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 Stay off the road to burn-out by playing as hard as you work

 

 Entrepreneurs know how to work hard. Almost by definition they are people who get themselves going, start all sorts of projects, and push through with a venture until it succeeds or crashes.

​​​Entrepreneurs clearly have no problem on the working-hard side of the equation. It is on the playing-hard side that they tend to fall short, says Byron Jeacocks, BUSINESS/PARTNERS regional general manager, who argues that the two sides need to balance if the entrepreneur is to sustain her/his momentum and succeed in the long term.

Jeacocks says in order to understand why so many entrepreneurs suffer from an imbalance between work and play, one has to look at the forces that act on the business owner, both from inside and out. Apart from being self-motivated and driven individuals, the pressures from clients, creditors, financiers, competitors and staff tend to keep entrepreneurs working until all hours of the night.

A corporate executive could come to work slightly hung over from time to time, or disconnect somewhat from his work for a while as s/he deals with her/his divorce, and not much will happen to the company. No such luxury for the business owner, says Jeacocks. If the entrepreneur has a bad day, the entire business has a bad day, so business owners have no choice but to work hard and be fully engaged with their enterprise.

The problem is that there are no comparable pressures that come from the non-business side of the lives of entrepreneurs, the family, physical and spiritual modes of their being. Even if the spouse complains, the children act up, or the entrepreneur’s body sends signals that the balance between work and play needs to be restored, the pressures are nowhere near as strong as those that keep the entrepreneur at his desk or in the workshop.

Jeacocks argues that entrepreneurs need to play as hard as they work. And by “hard” he means that when they rest, entrepreneurs must truly switch off from their businesses. Just as they are fully engaged with their businesses when they are at work, they must engage with whatever they are doing to restore the balance, whether they are spending time with their family, sleeping, praying, gardening or exercising.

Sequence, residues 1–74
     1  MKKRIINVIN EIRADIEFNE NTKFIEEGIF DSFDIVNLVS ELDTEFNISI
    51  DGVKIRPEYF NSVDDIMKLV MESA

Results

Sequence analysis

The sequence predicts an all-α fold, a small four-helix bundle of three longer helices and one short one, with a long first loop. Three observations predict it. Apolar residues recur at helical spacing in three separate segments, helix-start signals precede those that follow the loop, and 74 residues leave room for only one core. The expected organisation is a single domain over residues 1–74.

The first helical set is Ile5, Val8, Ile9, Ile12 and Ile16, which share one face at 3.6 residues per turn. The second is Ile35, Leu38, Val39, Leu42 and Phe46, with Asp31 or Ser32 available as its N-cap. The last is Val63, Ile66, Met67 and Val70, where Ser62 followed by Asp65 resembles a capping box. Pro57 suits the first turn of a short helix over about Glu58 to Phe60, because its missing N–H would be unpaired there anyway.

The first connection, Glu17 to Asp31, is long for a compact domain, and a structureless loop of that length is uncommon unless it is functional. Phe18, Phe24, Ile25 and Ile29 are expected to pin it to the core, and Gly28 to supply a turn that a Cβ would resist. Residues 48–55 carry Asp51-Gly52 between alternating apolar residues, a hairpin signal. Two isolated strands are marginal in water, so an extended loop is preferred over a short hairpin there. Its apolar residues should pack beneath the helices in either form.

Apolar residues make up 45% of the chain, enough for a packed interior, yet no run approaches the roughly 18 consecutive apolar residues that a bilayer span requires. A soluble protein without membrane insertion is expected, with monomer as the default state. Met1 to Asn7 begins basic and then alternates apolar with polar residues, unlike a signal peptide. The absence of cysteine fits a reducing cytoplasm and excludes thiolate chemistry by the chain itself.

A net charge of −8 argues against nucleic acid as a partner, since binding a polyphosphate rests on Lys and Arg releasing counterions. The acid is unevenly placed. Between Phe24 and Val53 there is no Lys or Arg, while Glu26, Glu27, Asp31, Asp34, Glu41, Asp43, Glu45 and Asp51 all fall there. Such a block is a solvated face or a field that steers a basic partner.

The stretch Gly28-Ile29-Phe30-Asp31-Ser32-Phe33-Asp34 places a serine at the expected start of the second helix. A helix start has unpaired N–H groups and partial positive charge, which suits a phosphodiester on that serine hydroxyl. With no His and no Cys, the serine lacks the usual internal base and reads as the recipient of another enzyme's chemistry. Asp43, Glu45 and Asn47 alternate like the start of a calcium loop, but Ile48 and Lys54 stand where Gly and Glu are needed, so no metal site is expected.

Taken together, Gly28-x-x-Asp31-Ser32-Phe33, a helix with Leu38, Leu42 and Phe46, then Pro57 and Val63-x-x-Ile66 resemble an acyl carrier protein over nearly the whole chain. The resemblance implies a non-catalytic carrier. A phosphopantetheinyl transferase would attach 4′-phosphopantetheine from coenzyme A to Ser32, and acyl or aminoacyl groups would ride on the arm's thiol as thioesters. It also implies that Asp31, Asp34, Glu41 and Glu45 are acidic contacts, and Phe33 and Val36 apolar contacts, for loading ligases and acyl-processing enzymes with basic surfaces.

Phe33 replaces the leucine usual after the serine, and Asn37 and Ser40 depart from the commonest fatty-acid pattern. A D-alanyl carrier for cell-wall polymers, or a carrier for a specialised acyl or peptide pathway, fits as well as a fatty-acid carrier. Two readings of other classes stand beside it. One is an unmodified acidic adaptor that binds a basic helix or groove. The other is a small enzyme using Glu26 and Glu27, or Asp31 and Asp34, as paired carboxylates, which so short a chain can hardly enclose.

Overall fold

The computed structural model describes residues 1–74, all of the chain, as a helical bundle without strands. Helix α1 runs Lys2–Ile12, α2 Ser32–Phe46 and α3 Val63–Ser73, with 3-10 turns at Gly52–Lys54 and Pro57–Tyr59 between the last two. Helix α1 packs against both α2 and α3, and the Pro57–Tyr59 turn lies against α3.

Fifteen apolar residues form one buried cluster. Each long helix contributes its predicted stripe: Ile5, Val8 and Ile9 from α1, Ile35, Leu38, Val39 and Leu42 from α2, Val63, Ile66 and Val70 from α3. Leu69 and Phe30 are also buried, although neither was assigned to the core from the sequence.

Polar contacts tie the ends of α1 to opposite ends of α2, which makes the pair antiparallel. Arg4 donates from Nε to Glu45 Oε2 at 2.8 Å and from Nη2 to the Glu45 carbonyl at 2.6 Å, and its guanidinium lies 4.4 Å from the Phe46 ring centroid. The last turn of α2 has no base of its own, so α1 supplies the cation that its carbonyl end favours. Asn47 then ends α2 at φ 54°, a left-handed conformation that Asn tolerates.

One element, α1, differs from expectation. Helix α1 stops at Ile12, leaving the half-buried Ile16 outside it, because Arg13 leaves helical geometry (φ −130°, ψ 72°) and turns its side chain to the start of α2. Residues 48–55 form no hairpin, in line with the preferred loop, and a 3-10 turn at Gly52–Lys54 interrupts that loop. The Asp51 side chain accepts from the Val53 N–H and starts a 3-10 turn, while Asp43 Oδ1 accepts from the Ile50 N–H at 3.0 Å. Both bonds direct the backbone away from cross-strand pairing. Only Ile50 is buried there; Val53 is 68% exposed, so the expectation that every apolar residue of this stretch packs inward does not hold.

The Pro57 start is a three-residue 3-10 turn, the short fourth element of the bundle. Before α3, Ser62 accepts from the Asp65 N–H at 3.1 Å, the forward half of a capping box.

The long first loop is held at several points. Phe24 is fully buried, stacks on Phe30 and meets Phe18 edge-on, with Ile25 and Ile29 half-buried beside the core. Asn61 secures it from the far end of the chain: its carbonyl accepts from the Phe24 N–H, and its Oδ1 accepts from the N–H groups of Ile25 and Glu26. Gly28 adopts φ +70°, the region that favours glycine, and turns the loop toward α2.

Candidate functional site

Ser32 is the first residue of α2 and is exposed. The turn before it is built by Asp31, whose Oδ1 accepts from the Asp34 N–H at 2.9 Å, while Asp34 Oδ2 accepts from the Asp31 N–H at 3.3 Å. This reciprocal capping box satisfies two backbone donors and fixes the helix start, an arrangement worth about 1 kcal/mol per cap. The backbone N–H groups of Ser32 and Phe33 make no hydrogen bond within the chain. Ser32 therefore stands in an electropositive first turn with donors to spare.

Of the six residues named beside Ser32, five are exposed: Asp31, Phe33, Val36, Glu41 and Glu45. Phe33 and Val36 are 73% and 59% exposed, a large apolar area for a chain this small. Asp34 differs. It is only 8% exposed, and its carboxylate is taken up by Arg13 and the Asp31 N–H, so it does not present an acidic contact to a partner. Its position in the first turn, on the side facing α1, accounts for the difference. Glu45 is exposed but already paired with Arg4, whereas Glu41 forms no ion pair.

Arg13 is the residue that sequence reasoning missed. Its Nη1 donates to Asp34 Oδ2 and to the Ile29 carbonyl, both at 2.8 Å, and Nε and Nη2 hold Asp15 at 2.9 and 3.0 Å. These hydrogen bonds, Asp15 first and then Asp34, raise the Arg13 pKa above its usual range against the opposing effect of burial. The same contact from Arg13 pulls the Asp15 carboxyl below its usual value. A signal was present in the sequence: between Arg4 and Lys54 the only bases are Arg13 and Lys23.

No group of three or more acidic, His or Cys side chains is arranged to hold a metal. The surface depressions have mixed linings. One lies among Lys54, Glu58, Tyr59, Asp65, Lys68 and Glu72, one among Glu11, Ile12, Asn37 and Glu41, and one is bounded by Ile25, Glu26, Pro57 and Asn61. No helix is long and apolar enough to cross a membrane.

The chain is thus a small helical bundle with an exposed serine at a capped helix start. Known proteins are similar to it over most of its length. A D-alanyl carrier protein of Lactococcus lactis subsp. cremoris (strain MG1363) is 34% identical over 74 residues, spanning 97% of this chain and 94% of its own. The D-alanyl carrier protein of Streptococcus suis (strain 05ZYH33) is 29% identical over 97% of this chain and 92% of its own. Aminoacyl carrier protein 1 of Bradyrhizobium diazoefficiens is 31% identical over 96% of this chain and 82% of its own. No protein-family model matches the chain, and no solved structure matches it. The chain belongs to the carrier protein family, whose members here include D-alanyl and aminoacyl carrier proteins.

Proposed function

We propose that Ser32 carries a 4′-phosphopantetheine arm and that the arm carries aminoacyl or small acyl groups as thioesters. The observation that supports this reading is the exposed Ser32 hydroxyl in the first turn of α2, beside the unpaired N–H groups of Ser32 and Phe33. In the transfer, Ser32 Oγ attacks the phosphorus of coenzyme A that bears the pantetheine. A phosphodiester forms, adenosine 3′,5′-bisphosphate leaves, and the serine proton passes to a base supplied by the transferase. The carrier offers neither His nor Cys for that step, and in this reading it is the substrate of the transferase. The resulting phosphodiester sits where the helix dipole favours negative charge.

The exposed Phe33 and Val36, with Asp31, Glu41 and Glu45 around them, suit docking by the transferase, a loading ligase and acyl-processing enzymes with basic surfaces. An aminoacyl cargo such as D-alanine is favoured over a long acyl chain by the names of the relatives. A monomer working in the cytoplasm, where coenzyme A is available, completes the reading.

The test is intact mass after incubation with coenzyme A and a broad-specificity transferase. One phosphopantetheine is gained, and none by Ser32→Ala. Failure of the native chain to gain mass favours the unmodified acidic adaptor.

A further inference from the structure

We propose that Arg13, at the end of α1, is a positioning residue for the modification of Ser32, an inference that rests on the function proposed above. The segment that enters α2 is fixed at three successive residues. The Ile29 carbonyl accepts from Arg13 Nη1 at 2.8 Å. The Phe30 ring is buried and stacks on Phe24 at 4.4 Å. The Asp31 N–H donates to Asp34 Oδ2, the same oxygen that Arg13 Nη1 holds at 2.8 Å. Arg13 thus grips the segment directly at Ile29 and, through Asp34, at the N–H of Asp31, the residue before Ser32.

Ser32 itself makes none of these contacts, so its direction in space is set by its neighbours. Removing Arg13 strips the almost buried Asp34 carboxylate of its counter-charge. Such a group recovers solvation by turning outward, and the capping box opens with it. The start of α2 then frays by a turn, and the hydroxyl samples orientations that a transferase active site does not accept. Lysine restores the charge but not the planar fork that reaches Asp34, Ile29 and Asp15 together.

“You cannot restore the balance while you’re sitting at the dinner table ignoring your family while you are mulling over your millions of business problems.”

Why is it necessary to even have a balance? Because without regularly switching off from the business, entrepreneurs eventually deplete their energy levels, says Jeacocks. Without realising it, you slowly lose your ability to focus and to solve problems effectively. You become a bit of a zombie, staggering from one problem to another without any real direction.

“The longer you stay in the zombie zone, the less work you are actually able to deal with. So you try to work even harder. Eventually, you end up with burn-out.”

Playing hard does not mean that the entrepreneur has to take an extended sabbatical. Just spending an evening fully engaged with your family can fulfill the all-important function of replenishing your energy levels.

But there is another compelling reason why entrepreneurs should from time to time get away from their businesses for slightly longer periods. If a business is to grow, it must have systems that run on their own without the constant involvement of the entrepreneur. The only way to develop such systems so that they work autonomously and robustly is to step away from them, at first for short periods, and then for longer spells until all you need to keep it going is a monthly report on your desk.

“You’ve got to systematise your business. If you are there all the time, making all the decisions and trying to do everything, the business remains totally dependent on you. If something happens to you the business is finished, so you’re kind of trapped in your business,” says Jeacocks.

He argues that getting away from the business for a week or two at a time is not only good for the entrepreneur, but good for the business as well. At first it means even harder work as you have to prepare the business for your absence, but such work is true investment that yields dividends in the form of business growth, greater freedom, as well as a more balanced and enriched life.

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